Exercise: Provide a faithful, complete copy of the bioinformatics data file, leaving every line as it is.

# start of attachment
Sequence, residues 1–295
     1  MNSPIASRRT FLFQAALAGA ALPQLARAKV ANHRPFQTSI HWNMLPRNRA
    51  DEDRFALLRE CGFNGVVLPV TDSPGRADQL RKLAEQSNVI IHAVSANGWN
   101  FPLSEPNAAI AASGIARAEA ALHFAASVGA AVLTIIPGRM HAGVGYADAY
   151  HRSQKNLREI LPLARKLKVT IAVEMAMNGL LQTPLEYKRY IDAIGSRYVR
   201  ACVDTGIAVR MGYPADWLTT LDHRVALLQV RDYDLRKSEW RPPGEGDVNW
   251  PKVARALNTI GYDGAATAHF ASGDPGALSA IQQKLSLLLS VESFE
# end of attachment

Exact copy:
Sequence, residues 1–295
     1  MNSPIASRRT FLFQAALAGA ALPQLARAKV ANHRPFQTSI HWNMLPRNRA
    51  DEDRFALLRE CGFNGVVLPV TDSPGRADQL RKLAEQSNVI IHAVSANGWN
   101  FPLSEPNAAI AASGIARAEA ALHFAASVGA AVLTIIPGRM HAGVGYADAY
   151  HRSQKNLREI LPLARKLKVT IAVEMAMNGL LQTPLEYKRY IDAIGSRYVR
   201  ACVDTGIAVR MGYPADWLTT LDHRVALLQV RDYDLRKSEW RPPGEGDVNW
   251  PKVARALNTI GYDGAATAHF ASGDPGALSA IQQKLSLLLS VESFE